What’s the solution? Anything other than the capitalist debt trap we find ourselves in from the outset. Elections across the world are steadily becoming polarized; disillusioned millennials are seeking recourse in men like Bernie Sanders, whose policies, like his voters, have become so unhinged from reality that they seem almost out of a utopian film. But it still points to a trend in something we millennials have felt in our very bones; it is time for change more radical than we’ve ever seen before. Votes for Bernie and the rise of theorists like Thomas Piketty are signs that these disillusioned youths will assume office someday, and take axe and shovel to deconstruct systems whose running, not foundations, are perilously toppling. And how that angst is channeled will represent a change that will impact the world for decades to come.
But one of the most striking ideas that come to me when I think of my generation is that of loneliness- of the old man in the park, waiting, wanting to tell his life story to anyone who would care to listen. I know that we are knowledgeable, more so than generations before us; we know of human rights, we laud gender fluidity and performance, we preach and push for sexual equality and gay rights across the board, we boo right wing ideologists with their narrow focuses, we combat and confront radicalism, and we stand for free exchange of thought. But we do not know how to connect. We do not know how to define, or even indicate interest in someone standing right in front of our eyes. We don’t know what to say or do on dates, and we have forgotten the blissful intimacy involved in a private conversation without a smartphone beeping at our waists. We cannot pay attention. We have become so cynical of our elders, so absorbed in a world that hints at our ever diminishing prospects, that we no longer know where personal goal fulfillment ends and selfishness begins. And we are afraid. For ourselves, for our futures, for everything.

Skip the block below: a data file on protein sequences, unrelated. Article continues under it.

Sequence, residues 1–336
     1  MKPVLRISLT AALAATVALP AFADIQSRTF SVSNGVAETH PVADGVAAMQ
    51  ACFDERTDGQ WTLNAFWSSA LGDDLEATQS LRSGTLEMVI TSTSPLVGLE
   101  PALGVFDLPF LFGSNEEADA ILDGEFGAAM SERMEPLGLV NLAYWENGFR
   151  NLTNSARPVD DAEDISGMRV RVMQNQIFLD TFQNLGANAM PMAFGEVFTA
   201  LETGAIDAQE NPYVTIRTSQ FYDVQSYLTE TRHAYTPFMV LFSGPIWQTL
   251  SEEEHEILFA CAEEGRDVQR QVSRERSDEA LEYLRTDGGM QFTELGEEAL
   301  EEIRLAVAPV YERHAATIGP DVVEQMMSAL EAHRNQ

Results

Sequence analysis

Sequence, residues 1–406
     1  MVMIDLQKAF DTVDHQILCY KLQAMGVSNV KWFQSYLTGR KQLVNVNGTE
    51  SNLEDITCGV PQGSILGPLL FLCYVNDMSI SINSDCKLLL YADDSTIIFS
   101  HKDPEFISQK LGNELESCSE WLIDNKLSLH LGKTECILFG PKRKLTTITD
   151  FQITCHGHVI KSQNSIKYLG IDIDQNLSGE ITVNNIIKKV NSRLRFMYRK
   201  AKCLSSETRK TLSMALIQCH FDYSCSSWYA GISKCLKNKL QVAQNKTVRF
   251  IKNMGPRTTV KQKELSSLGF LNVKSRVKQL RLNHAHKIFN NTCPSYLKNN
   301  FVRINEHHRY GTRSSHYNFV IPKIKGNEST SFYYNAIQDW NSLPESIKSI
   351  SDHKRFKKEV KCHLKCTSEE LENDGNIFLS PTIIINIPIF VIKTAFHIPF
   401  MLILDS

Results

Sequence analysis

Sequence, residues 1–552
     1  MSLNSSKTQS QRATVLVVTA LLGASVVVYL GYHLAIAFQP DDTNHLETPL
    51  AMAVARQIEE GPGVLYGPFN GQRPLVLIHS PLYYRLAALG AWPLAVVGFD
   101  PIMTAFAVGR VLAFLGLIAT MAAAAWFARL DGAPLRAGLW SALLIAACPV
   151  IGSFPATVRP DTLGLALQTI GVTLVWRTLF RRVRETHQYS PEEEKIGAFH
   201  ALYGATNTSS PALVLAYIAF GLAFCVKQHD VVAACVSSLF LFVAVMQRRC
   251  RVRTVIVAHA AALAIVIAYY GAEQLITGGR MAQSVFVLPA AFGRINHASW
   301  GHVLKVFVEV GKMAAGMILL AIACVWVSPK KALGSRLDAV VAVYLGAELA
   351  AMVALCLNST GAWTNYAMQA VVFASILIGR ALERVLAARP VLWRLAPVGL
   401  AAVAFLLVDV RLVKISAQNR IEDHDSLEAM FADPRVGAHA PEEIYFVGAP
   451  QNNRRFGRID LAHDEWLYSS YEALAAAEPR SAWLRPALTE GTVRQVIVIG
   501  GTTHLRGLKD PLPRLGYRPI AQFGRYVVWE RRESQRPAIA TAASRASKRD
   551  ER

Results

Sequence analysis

In the end, I know that we will persevere. We are strong, we are determined, we are courageous. Most importantly, we believe that we are unique, and so, deserve the best. Our voices, quietened by generations of political silence handed down to us year after year, is finally rising. And though we find words to express the anguish we feel, we are also aware of the consequences. And we are prepared to take the steps necessary to secure our lives, knowing that they will be worth their repercussions…. or we will make them so.
Being a millennial is hard work, my friends. But trust me when I say this: you wouldn’t rather be born anytime else. Take out your selfie sticks, hashtags, memes, what have you. Our time is now.